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(NUTRITIONAL) STRESS IN CALVES

Provide a balanced and easily digestible diet.

Especially when using milk replacer: pay attention to the correct mixing ratio!

 

These points of attention increase the calf's resistance to gastrointestinal infections. The calves' resistance is further increased by an optimal nutrition (energy, minerals and vitamins) of the cows during the dry period. Calves are then born with sufficient reserves.

 

Pay special attention to the vitamin A, vitamin E and Selenium supply.

I also often see iron deficiencies in calves in practice. (via blood test).

A mixture of moderate to mild deficiencies in multiple minerals and vitamins often makes it difficult to make the correct diagnosis in calves.

Weak, less vital calves with diarrhea, these are often the main complaints.

 

Therefore, in case of lingering and difficult-to-treat complaints in calves, also look at the feeding and nutritional status of the cows.

Not only from the ration calculation, but also from the individual animal.

 

Analysis of the blood of a number of cows and heifers with regard to vitamin A, vitamin E, Selenium, Copper, Zinc, Iodine, Cobalt and Iron provides a good initial indication of the vitamin and mineral supply in the young calves. In this way, correct adjustments can be made at an early stage.

Early detection of the problem and adequate treatment of sick calves promotes a quick and successful recovery.

Closely monitor calves that drink poorly or with difficulty and / or calves with excessively smeared hindquarters.

A very important factor in the disease course of calves with diarrhea problems is dehydration.

Therefore, regularly check the hydration status of calves affected by diarrhea. This can easily be done by "pulling up" a fold of skin in the neck of the calf. When you release the skin fold, the skin should immediately return to its original starting position.

In calves with dehydration symptoms, the skin fold remains for a short or longer time. The eyes of these calves have also sunk (more or less) into the eye socket.

At a later stage the calves are dehydrated to such an extent that they are limp and can no longer stand upright. The chance that such calves will heal is then very small.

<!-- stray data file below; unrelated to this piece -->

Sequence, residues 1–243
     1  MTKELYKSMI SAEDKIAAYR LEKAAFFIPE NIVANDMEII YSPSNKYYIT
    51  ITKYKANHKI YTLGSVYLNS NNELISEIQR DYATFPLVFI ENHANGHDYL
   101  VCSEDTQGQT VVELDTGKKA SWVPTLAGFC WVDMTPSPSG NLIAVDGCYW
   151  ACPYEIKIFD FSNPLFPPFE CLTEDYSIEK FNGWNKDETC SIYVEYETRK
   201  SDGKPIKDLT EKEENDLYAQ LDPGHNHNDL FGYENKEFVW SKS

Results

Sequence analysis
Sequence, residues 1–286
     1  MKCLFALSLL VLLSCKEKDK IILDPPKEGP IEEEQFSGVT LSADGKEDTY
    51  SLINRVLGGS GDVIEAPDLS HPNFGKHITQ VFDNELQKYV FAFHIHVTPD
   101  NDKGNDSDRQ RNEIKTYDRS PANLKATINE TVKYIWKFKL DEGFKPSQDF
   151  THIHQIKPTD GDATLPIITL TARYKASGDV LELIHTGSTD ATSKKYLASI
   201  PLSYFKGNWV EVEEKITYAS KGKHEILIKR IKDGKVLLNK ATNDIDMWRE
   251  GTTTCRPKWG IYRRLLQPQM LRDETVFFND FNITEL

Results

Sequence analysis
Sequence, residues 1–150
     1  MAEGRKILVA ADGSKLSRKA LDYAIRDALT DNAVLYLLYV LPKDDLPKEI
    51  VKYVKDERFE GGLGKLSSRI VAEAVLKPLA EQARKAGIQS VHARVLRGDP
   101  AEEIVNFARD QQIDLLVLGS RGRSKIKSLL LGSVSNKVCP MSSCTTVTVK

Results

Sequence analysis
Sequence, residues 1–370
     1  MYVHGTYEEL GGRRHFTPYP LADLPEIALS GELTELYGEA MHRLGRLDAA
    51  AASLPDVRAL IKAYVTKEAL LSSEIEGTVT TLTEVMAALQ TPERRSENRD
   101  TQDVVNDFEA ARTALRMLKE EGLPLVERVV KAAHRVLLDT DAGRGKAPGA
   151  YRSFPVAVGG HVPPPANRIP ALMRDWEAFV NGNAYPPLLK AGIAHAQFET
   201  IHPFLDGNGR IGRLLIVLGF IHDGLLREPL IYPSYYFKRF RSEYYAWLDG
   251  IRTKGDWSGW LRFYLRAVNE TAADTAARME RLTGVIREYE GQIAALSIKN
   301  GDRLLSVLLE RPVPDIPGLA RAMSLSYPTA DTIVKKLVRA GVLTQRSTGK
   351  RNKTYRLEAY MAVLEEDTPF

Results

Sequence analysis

In calves where the diarrhea is detected in time, and a (rehydration) treatment is started on time, a speedy recovery occurs in most cases.

Sometimes antibiotic administration is necessary to control infection.

 

Depending on the course of the disease, an infusion is given or the calf is allowed to drink. When drinking, it is best to provide the liquid in several small amounts. At least four times a day, but that must of course also be feasible in practice. (more frequent is even better for the calf!).

 

Drinking through a teat bucket or bucket gives better results than tube feeding. With tube feeding there is a risk of "rumen overfilling" and damage to the trachea / esophagus.

Feeding fluids at body temperature prevents further cooling of the calf. The calf then does not have to use extra energy to 'warm up' the cold liquid.

 

Providing only electrolytes for two days is the maximum for me. Continuing with only electrolytes for longer will weaken the calf too much.

In lean / limp calves I would even limit the supply of electrolytes to one day.

Proceed gradually on the return of electrolytes to milk. This can be done, for example, by giving the calf a drink with electrolytes twice a day and milk twice a day.

 

If the calf does not recover quickly, or if its condition deteriorates, consult your veterinarian immediately. If necessary, he/she can give the calf extra fluids through an infusion. This saves many calves.

Adding extra fluids is one thing, fighting the causative pathogen remains a priority, do this in consultation with your vet.

In case of an inflammatory reaction in the gastrointestinal tract, he / she can use anti-inflammatory agents if necessary. These inhibit inflammation and can stimulate the return to normal bowel function. However, its use should be limited to one or a few days at the most. The negative side effects that these drugs have on kidneys and the stomach and intestinal mucosa are (too) high.

 

Certain products (so-called intestinal protectants / absorbers), including kaolin and activated charcoal, have an "aesthetic" effect.

This means that the manure is then bound more. In addition, a toxin binding effect would occur in bacterial infections.